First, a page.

Polo Players Edition

JAN 2019

Polo Players' Edition is the official publication of the U.S. Polo Association. Dedicated to the sport of polo, it features player profiles, game strategy, horse care, playing tips, polo club news and tournament results.

Issue link: https://polo.epubxp.com/i/1064372

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Page 32 of 67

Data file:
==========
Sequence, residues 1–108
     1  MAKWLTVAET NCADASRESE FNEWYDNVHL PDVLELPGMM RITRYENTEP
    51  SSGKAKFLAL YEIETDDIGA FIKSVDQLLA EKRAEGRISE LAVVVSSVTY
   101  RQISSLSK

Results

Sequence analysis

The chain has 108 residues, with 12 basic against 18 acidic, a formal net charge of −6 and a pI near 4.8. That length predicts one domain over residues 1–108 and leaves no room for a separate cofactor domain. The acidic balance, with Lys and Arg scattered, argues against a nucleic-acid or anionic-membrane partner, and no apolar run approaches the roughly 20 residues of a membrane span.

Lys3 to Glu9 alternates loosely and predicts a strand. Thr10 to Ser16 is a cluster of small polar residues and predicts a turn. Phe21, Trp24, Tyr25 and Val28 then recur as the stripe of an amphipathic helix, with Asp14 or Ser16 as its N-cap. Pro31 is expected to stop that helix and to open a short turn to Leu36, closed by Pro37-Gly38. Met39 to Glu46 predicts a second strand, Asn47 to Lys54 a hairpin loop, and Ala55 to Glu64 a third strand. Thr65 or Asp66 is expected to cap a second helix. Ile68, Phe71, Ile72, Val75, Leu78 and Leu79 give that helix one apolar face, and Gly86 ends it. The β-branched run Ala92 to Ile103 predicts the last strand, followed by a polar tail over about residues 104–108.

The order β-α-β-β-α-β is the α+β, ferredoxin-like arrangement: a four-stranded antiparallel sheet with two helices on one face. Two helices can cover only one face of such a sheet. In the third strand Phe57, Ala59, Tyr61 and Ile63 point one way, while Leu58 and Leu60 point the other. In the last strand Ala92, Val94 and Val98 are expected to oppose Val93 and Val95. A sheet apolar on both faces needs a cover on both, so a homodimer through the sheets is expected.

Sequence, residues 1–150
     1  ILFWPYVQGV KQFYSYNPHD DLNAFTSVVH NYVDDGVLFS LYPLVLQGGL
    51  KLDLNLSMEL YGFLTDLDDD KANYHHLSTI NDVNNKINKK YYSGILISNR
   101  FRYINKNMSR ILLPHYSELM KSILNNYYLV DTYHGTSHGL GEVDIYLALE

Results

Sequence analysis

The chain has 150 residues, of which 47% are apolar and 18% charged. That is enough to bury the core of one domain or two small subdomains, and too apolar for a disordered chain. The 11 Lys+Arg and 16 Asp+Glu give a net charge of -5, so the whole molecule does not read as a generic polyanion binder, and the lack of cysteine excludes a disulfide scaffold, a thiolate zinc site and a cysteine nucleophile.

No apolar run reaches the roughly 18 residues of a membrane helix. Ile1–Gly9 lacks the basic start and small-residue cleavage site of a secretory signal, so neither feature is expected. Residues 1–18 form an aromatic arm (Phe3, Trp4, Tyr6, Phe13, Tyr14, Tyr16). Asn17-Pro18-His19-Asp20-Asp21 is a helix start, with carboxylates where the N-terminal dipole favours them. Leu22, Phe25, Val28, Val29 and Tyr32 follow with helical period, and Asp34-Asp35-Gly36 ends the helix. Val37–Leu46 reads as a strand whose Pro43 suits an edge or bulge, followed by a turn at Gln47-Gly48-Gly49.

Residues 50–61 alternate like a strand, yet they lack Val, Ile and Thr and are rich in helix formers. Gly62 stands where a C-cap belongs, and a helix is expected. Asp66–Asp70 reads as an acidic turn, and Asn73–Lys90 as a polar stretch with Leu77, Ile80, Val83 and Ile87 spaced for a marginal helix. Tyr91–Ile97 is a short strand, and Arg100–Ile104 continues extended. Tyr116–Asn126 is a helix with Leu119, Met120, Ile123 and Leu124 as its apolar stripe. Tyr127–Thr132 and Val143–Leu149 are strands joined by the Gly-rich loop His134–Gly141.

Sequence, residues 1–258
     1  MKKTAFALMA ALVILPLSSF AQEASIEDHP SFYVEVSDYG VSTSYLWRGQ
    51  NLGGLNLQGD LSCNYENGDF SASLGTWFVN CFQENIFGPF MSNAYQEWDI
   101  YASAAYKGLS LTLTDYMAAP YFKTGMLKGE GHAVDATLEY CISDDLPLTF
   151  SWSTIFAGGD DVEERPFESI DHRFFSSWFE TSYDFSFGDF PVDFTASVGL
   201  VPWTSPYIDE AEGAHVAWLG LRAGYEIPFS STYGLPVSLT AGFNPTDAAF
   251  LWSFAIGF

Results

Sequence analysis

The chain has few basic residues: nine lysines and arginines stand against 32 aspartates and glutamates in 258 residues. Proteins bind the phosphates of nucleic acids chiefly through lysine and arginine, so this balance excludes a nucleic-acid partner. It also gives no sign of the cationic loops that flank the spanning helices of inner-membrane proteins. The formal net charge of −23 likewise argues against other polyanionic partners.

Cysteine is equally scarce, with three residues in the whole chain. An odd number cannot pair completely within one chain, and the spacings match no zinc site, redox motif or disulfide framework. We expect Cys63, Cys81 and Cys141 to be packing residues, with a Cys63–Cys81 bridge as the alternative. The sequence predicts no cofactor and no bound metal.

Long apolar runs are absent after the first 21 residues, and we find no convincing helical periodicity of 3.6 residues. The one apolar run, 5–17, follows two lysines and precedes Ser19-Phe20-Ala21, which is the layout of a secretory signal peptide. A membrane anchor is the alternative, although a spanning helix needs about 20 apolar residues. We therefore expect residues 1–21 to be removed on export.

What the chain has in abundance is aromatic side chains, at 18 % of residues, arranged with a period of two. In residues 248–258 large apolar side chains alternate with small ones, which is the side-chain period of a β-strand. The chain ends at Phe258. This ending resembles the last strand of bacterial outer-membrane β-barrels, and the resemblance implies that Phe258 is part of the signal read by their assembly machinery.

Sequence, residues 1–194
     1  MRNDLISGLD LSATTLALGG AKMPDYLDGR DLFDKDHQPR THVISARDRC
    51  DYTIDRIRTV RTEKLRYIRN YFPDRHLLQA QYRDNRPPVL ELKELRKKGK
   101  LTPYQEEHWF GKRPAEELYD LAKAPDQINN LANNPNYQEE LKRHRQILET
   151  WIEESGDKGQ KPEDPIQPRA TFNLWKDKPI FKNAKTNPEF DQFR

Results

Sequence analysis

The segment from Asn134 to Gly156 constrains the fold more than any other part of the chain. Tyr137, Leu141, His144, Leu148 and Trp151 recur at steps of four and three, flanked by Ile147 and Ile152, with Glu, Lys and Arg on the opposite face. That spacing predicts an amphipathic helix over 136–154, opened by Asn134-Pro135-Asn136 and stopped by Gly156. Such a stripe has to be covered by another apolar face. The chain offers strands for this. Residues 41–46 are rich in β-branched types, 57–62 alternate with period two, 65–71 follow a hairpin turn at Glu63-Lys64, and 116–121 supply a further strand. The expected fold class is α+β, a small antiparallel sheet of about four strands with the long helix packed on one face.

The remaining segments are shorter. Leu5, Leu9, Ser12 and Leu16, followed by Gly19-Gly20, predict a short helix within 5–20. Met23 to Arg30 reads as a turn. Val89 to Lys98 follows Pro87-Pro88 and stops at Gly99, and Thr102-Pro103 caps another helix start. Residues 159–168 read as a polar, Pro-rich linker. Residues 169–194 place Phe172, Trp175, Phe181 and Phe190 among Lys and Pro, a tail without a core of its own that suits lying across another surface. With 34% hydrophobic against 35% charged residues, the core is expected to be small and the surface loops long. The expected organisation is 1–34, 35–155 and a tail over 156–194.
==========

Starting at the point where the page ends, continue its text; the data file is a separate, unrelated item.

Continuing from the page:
POLO P L A Y E R S E D I T I O N 31 As the oldest son of one of the best polo players of all time, Carlitos Gracida grew up around horses and polo. While others may see it as a novelty, for Carlitos and his brother, Mariano, it was all they knew. "I loved the horses, so for me that is something that I always enjoyed. It was always a part of my life so for me, home is the barn ... just being here with the horses and the dogs," he explained. "This is what makes me feel at home because homes always changed for us." Carlitos' father, Carlos Gracida, reached a 10-goal handicap by the time he was 25 years old and held onto it for 15 years. He won nine U.S. Opens, five Argentine Opens and 10 British Opens. On three separate occasions he won the U.S., British and Argentine Opens in the same year, something no other player has accomplished. At the height of his career, in 1994, not only did he win Opens in three different countries, but he also won the Argentinean Triple Crown. That year, he was the only foreigner to ever win Most Valuable Player in the Argentine Open. Carlos Gracida was also known for his incredible horses. Always willing to learn more, he studied under famed horse trainer Monty Roberts, and in 2012 he was recognized by Queen Elizabeth II for his efforts to eliminate violence in the training of horses. While Carlos was a highly-respected international polo star, for Carlitos he was just dad, and their polo lifestyle was nothing out of the ordinary to him. "It was just our life. ... I still don't know any different," explained Carlitos. Carlos passed along his love of horses to his two sons. The boys began riding by the time they were 3 or 4. He taught them to ride and care for horses and had them learn from others as well. "He taught me what he knew from his father as well as what he learned on his own," said Carlitos. "We also did dressage lessons with [polo player] Joel Baker's wife, Charlotte; I did vaulting growing up; and ... spent a lot of time with Monty Roberts. "I learned you can always improve on your horsemanship and see what's best for the horse with different ways to approach it," explained Carlitos. With an open mind, he was able to take in a lot, even getting the most out of dressage lessons to learn about different aspects of horsemanship. "[The dressage lessons] taught us a lot," he said. "It taught us to slow down what we were doing and focus on little movements and little things that you maybe don't think about as a polo rider. Monty taught us that any relationship is mental and there always has to be a boundary of respect and space. It has to be enjoyable for both of us so I have to enjoy it and the horse has to enjoy it." Carlitos says he tries to apply the things he has heard and seen through those experiences by replaying them in his mind. Once they were comfortable on a horse, the boys began stick and balling with their dad and eventually playing. When Carlitos was 15, he got an opportunity to play in the 2006 U.S. Open, filling in for Kevin Mokarow, who reinjured his groin in the first chukker of the Mokarow Farm team's first game. The team included his dad, his Hall-of- Fame uncle, Memo and Temmy Willington. At the time, Carlitos called it the biggest game of his life but today he admits he wasn't that focused on polo then. "I was going to school and doing other sports as well. At that time, it was just part of my life, it was just there," he said. It wasn't until he finished high school that he began to take polo more serously. In the Open game, his dad was nervous for him, telling reporter Sharon Robb after the game, "I was very nervous for Carlitos, because he is still very green, and to come in the U.S. Open against one of the best teams was asking a lot. I didn't want to push him because he is my son. I was thinking if we lost, I hope he doesn't quit polo. But I am very happy, he did very well." The team went as far as the semifinals. Over the years, Carlitos and Mariano got to play a lot with their dad, who imparted a lot of polo wisdom on them. "He would always tell me, 'it's a difficult sport, so you have to simplify it and not make it so difficult. It's already difficult GABRIELLE STODD

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